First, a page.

Newspaper article The Florida Times Union

Goodness Knows, Almost Anything Goes When It Comes to the Ever-Growing Business of Romance Novels. but as Writers along the First Coast Know, a Lot of Work Goes into the Passionate Pursuit of Publishing. A Fine Romance

Newspaper article The Florida Times Union

Goodness Knows, Almost Anything Goes When It Comes to the Ever-Growing Business of Romance Novels. but as Writers along the First Coast Know, a Lot of Work Goes into the Passionate Pursuit of Publishing. A Fine Romance

Article excerpt

There are only two rules that cannot be broken in a romance novel.

There must be no unfaithfulness between or among hero and heroine.

There must be a happy ending.

Otherwise, anything goes.

The story can take place in ancient Egypt or outer space or Hahira, Ga. It can be cozy and homespun as a granny quilt, or dark with supernatural horror. It can be steamy, innocent or somewhere in between. It can be adventure or comedy. It can be pure fluff or issue-oriented, deal with breast cancer, care of an elderly parent -- or the heroine can be an elderly parent -- post-traumatic stress syndrome, equal pay for equal work.

Romance novels' heroes and heroines come in all ages, colors, sizes.

There is a burgeoning market in ethnic romances.

"I was one of the first blacks signed on to do African-American books for Arabesque publishers," said Brenda Jackson, a Jacksonville writer who has published five romances since 1995 and has a sixth due at the end of May, plus a contract for her first hardcover novel.

Jackson works full-time for an insurance company and works another couple of hours a day at love stories. She carries a little cassette with her at all times in case she needs to record an idea before it gets away.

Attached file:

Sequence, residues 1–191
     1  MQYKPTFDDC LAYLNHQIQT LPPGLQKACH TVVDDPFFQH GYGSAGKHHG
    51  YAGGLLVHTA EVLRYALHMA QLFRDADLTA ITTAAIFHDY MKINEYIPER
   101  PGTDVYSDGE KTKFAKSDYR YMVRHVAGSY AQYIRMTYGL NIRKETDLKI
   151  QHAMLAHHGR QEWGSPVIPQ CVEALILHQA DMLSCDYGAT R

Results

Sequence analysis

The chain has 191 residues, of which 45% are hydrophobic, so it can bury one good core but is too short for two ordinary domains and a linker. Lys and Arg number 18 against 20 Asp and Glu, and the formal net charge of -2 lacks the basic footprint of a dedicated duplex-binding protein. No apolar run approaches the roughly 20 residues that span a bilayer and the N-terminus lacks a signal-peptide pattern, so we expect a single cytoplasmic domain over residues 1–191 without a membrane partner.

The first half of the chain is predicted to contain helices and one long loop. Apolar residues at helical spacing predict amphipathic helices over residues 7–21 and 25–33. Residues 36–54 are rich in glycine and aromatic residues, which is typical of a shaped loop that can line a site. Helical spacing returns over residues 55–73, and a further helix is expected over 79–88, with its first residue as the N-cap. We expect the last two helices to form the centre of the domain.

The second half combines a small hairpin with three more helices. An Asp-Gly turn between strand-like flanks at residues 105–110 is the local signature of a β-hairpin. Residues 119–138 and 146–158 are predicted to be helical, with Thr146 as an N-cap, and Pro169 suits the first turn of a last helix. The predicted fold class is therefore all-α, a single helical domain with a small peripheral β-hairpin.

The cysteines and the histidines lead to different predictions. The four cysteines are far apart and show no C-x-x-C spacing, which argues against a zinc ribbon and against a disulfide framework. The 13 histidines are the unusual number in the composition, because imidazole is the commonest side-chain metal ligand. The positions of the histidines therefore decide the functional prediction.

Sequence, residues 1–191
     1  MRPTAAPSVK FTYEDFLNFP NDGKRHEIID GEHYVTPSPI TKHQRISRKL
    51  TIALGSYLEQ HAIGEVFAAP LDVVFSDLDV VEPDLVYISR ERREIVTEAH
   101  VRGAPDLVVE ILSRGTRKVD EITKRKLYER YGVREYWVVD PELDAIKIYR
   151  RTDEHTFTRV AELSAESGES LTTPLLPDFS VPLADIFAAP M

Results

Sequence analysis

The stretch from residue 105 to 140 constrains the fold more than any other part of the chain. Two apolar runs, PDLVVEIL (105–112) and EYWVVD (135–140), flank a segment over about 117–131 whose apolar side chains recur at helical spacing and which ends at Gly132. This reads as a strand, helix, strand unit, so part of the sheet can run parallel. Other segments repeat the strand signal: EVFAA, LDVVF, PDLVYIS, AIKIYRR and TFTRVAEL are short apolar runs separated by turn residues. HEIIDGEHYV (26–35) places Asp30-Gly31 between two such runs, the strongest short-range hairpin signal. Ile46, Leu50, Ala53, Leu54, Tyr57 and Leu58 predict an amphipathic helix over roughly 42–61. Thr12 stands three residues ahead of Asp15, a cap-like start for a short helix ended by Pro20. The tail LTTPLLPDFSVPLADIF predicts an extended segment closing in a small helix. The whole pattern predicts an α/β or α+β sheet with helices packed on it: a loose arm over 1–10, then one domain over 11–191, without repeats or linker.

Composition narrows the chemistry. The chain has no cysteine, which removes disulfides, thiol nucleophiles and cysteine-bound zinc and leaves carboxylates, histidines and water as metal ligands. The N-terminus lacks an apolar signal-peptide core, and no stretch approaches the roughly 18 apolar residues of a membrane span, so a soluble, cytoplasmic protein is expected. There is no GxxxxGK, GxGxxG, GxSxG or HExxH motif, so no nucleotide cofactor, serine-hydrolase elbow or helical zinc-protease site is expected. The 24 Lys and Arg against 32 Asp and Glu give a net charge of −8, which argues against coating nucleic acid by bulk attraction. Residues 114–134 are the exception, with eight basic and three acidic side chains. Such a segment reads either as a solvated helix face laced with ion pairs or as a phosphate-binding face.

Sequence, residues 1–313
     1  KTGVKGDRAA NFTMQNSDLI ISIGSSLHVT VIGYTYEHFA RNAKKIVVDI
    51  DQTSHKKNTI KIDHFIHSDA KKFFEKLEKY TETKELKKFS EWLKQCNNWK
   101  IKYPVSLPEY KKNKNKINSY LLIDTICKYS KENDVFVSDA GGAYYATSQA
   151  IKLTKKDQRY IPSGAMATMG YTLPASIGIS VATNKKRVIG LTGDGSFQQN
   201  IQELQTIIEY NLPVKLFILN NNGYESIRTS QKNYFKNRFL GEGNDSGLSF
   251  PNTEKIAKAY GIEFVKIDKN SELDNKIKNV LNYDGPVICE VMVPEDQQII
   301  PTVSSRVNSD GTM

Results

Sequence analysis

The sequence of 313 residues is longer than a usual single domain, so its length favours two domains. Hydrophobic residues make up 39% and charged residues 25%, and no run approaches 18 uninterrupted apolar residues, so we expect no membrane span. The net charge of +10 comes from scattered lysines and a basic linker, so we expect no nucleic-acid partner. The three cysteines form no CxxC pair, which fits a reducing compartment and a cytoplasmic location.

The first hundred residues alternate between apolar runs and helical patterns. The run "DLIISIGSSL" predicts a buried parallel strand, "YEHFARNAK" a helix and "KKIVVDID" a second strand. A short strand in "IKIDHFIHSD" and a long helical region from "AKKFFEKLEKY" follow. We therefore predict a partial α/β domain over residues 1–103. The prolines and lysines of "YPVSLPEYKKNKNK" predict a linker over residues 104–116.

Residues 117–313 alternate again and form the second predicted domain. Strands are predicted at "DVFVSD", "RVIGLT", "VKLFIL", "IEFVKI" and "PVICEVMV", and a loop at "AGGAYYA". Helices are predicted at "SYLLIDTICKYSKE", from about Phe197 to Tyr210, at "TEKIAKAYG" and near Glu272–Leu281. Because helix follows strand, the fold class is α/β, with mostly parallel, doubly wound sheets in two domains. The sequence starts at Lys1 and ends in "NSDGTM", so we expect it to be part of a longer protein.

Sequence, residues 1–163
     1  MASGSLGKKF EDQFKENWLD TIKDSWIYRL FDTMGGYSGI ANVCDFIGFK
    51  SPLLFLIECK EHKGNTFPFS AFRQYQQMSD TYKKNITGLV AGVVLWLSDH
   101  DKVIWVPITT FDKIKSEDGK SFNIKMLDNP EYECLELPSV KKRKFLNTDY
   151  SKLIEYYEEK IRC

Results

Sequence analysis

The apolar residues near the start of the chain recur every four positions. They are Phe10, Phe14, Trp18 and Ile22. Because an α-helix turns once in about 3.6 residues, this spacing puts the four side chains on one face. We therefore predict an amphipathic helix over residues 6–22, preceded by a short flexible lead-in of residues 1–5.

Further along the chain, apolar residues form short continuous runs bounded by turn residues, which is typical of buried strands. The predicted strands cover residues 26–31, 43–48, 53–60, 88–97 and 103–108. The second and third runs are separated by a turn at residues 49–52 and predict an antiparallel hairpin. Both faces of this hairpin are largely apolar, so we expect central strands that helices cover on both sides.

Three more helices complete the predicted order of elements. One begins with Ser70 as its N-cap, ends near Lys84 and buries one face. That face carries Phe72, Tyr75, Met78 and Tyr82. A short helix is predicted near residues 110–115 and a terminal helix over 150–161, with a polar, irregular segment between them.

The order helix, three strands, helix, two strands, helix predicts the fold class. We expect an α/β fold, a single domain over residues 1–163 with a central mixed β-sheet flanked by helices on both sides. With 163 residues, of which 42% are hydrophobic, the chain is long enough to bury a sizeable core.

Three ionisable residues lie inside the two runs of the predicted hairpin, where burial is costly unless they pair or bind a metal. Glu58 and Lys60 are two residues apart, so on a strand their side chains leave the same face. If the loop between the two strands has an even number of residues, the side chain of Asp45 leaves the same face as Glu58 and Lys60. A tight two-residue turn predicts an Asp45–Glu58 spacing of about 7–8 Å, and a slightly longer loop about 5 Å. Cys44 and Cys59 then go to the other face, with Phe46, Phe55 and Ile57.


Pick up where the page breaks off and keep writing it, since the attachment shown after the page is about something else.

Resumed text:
"The secret is to work every day," she said. "Always looking for that happy ending."

"But no adultery, absolutely, which is why books like Bridges of Madison County and The Horse Whisperer, which people think of as romances, are not. Besides, they don't have happy endings," Charis McEachern said unequivocably.

McEachern was speaking ex cathedra for the Romance Writers of America, a national organization of 8,000-plus writers of romantic fiction with a chapter that meets in Jacksonville.

Romance novels are big business -- humongous.

Book sales figures from 1998 are not available yet. But, 1997 sales figures for romance novels hit 202 million books, which is 19 percent of total U.S. book sales.

"Out of pop fiction, it's by far the largest category in sales," said Pete Reynolds of the American Booksellers Association, based in Tarrytown, N.Y. The closest category to romance was non-fiction's cooking and crafts, 10 percent of sales.

"Almost half -- 49 percent -- of all the paperbacks sold in America every year are romance novels," noted Marge Smith, a St. Augustine writer who has sold six romance novels: Eight Men and a Lady, Jenny's Castle, The Overnight Groom, Gabriel's Last Angel, Convenient Daddy, For Your Love .

Smith is a pro now, with a pen name even -- Elizabeth Sinclair, because her first publisher decided Margarite was too long for the book cover and Smith was too common. But, it took Smith a long time to segue into Sinclair.

"I spent 12 years trying to publish a book. When it finally happened it was like having your first born all over again," she recalled. She was an avid romance reader before she took pen in hand. "I used to read six or seven books a week. I finally said, `Gee, I could do this.' So I started writing."

Smith simply sat down and cried when her agent called -- Aug. 3, 1993, at 3:47 p.m. -- and said "Congratulations, you did it." She was 53 at the time.

Smith is a mainstay of First Coast Romance Writers, the Jacksonville area chapter of Romance Writers of America. The group, about 40 members, meets monthly to talk about the industry, to talk about techniques of writing, to conduct workshops, hear experts. The members read and critique one another's work. Smith's workshop specialty is what to do in the middle of the story, those troublesome pages between the beginning and the end. …

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